The Imanari roll is absolutely one of the coolest submission attacks out there.
It’s unorthodox, it’s fancy, but unlike many other flashy moves it’s it’s also quite high percentage.
If you do it correctly you get straight into the 411 leglock position, which is the most powerful leglocking position we have. So there’s definitely a huge upside if you land it.
This move has been used repeatedly at high levels in MMA and submission grappling by quite a few different competitors including Masakazu Imanari (who popularised it), Ryan Hall, Rory MacDonald and others.
Here’s Imanari himself using a variation of the roll in MMA…
Here’s Imanari teaching his signature move at a seminar…
Other people use this move too! Here’s Jonathan Quiroz hitting the same move and going directly into the heel hook at CXF 6…
And finally here’s a CGI Rory MacDonald hitting the Imanari Roll in EA’s UFC video game (you know a move has gone semi-mainstream when it’s in a video game…):
So it’s definitely a legit move!
Now I’ve never taught the Imanari roll before, and so when a friend who was relatively new to leglocks recently asked me to break it down for them I really had to stop and think about it.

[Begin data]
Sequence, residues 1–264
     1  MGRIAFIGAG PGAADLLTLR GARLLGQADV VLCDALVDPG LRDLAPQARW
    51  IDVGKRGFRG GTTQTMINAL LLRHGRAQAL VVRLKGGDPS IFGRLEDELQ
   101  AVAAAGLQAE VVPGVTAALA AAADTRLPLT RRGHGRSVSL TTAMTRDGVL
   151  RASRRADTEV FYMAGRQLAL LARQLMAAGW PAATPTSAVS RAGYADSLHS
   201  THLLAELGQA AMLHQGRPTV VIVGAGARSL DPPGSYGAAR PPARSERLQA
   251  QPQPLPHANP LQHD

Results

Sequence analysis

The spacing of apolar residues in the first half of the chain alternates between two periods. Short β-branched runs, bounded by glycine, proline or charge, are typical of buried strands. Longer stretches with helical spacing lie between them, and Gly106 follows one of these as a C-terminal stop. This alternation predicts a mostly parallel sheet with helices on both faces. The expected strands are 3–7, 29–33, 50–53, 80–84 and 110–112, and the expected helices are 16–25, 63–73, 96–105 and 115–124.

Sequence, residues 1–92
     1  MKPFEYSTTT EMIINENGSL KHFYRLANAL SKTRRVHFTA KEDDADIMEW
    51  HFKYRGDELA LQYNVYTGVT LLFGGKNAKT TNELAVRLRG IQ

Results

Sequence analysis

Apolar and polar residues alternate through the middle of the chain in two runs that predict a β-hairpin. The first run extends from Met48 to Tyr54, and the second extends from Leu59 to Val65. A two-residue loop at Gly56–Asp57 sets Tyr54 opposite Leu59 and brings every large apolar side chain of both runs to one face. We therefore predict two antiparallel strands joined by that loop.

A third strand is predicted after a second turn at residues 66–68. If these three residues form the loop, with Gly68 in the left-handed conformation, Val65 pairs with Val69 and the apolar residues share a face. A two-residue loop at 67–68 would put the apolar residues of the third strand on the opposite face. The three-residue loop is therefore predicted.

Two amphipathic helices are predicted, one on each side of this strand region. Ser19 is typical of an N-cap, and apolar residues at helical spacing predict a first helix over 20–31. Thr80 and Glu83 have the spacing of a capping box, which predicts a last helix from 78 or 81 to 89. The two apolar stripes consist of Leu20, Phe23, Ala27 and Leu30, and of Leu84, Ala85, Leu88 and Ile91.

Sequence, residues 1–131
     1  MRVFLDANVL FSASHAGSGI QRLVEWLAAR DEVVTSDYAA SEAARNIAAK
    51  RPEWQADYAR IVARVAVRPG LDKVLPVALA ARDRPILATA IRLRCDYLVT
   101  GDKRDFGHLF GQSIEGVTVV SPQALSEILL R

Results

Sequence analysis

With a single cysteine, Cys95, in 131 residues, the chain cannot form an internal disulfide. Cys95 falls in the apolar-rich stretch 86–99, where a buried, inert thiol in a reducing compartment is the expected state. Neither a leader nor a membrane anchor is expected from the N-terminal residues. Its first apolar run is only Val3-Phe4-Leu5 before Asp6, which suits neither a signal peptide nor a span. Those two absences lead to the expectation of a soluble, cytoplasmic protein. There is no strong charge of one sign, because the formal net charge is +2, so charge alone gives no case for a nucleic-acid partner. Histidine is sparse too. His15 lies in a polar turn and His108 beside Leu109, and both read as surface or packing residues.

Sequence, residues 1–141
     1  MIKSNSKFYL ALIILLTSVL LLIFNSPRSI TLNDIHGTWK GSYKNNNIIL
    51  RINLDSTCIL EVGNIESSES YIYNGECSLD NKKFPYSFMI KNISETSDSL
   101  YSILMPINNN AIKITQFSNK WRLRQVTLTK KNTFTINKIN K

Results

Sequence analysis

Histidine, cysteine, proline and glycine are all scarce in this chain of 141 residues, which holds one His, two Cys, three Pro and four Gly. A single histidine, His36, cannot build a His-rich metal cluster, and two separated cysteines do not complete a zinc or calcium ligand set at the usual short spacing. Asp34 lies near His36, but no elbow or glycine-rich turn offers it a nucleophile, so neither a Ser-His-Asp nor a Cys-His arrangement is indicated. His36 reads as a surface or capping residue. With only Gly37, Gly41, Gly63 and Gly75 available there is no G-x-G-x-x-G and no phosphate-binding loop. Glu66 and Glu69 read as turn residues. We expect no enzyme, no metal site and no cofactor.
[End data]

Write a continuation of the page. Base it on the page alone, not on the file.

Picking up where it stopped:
What’s the easiest and simplest way to help someone get this move? My friend isn’t super flexible and isn’t very experienced with leglocks, which made the whole thing even more challenging.
But after a bit of trial and error I think I found the easiest way to teach and learn this move. This method revolves around using the ‘side roll’, which is one of the three basic ways to roll on the ground (the others are the forward roll and the backwards roll).
If you start by drilling the side roll a few times and then stick an opponent in front of you then it actually becomes pretty simple. Plus it requires less flexibility than you might think.
Check out the solo drill and the full Imanari Roll technique in the video below:
Once you’ve drilled my ‘side roll’ method of getting the Imanari Roll then it immediately becomes easier to see what’s going on in the mad spinning tangle of arms and legs when it’s done full speed!
Hope this was useful,
P.S. If you’re interested in leglocks and haven’t done so already then make sure to download my free PDF about the major leglocking positions.
Modern leglocking is all about achieving, maintaining, and improving your leg entanglement positions.
Interestingly the emphasis on position over submission also allows you to train leglocks fairly safely – you fight like mad for the position and then apply the submission (typically a heel hook) very, very slowly so that your partner has tons of time to tap out.